I don’t like psychological and psychiatric questionnaires. By reducing human experience into an item, a sentence or a dot on a sheet of paper, they take away what is crucial for experience: a story. As I say this at lectures or other speaking events, I am met with polite nodding and, oftentimes, reassurances that questionnaires are only of minor assistance, very readily discarded. I am met with some hostility, when I start unpicking the linguistic form of such instruments. And this is what this post is about. I want to show why the linguistic form of psychological instruments is important.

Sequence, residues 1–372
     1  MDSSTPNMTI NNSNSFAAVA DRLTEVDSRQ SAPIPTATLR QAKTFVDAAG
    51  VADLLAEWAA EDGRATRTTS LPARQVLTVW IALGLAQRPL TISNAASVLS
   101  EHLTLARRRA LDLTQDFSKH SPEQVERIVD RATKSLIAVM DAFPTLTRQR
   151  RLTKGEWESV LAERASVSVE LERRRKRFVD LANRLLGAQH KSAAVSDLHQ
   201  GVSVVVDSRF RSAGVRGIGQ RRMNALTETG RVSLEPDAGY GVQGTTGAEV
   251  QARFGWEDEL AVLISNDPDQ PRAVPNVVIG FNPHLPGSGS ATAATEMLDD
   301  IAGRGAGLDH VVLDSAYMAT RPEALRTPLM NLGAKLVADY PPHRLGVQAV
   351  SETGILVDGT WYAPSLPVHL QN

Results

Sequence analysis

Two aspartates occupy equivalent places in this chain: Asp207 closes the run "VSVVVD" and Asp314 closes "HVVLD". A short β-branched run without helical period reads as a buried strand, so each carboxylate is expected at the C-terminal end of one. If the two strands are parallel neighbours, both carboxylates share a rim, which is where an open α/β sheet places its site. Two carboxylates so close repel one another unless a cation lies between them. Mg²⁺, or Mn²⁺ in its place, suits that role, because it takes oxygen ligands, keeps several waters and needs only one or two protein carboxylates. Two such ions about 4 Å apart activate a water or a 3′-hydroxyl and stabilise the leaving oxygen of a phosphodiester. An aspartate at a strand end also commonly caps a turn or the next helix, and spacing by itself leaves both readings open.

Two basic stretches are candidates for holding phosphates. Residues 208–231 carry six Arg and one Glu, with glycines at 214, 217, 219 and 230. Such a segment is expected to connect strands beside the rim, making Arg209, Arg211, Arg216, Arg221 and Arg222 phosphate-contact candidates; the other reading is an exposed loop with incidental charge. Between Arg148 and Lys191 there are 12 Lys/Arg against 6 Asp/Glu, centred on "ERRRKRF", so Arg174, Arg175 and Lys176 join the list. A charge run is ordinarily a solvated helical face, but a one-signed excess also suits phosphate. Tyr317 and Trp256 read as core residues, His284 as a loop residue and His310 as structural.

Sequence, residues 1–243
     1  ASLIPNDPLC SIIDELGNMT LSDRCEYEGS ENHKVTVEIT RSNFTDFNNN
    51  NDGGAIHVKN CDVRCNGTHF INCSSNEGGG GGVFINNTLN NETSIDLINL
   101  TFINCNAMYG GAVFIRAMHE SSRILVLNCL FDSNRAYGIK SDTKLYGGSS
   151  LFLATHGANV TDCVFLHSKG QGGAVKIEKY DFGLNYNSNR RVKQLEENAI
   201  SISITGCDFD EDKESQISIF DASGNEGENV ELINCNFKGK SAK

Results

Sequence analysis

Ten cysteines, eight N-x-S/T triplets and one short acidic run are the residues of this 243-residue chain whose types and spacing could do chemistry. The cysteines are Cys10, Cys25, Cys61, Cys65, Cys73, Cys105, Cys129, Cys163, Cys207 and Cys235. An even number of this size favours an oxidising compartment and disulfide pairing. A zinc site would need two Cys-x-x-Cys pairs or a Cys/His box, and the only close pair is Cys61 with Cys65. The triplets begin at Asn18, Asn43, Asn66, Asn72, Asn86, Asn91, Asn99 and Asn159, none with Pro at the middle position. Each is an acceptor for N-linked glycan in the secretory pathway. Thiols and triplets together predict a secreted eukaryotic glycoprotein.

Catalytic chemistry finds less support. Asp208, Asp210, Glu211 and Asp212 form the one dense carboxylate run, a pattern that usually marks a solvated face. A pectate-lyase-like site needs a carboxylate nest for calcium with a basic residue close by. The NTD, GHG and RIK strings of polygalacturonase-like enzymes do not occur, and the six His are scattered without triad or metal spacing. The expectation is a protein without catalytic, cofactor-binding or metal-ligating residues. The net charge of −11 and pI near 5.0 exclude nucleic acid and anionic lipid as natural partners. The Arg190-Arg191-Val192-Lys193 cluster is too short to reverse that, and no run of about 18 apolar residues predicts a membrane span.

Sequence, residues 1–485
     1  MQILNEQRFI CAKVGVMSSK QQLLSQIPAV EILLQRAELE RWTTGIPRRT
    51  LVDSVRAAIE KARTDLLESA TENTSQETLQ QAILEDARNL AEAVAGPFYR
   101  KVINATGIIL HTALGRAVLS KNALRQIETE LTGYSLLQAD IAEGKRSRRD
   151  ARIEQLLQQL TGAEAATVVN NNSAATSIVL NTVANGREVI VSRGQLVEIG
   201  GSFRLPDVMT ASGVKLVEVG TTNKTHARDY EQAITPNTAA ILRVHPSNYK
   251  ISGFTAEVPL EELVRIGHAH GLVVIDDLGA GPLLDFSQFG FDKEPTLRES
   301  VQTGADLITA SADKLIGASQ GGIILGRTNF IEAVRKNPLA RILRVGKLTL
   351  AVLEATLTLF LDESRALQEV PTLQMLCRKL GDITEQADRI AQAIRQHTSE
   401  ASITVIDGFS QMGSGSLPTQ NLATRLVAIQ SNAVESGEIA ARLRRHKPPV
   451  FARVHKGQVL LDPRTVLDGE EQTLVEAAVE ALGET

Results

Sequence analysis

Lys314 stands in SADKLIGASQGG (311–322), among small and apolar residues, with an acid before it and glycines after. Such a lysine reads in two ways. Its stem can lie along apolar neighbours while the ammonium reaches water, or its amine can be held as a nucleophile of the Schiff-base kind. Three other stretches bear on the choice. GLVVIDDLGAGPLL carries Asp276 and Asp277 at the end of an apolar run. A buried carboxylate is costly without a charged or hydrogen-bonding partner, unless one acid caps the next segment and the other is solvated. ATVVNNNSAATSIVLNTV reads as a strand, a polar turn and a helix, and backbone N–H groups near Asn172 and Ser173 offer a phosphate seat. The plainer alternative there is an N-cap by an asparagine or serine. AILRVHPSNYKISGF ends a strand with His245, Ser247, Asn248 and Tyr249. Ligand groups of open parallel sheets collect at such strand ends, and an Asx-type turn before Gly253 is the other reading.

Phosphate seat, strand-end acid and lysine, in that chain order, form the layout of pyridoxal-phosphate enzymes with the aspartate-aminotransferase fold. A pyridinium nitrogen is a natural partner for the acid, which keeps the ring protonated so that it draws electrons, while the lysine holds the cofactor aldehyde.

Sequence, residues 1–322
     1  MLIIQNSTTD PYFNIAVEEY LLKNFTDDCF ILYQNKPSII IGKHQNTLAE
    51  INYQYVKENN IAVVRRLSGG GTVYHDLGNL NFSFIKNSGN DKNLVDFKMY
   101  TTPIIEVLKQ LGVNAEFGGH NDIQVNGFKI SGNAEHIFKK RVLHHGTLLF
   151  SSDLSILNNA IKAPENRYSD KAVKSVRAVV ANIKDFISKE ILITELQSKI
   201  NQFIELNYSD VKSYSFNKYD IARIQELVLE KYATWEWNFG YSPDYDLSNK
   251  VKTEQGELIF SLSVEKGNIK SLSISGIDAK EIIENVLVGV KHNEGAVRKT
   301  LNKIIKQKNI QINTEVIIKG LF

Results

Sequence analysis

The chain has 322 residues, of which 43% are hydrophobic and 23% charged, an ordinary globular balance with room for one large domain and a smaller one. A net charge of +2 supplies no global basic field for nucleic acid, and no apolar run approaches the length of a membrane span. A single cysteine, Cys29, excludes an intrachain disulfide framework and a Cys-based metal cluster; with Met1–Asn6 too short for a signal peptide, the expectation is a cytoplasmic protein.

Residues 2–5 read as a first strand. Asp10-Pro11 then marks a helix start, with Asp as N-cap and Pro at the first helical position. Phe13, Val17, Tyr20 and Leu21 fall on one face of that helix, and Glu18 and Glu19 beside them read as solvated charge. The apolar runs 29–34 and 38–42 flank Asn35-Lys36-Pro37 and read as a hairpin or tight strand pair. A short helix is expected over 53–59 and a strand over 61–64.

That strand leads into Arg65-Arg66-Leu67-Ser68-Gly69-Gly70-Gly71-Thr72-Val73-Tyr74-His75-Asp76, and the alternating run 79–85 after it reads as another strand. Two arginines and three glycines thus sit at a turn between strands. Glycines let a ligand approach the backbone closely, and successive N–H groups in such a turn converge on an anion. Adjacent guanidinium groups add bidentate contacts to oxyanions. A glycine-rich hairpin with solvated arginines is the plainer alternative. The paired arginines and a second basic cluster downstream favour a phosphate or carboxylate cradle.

Continue reading “Linguistics of a psychological questionnaire”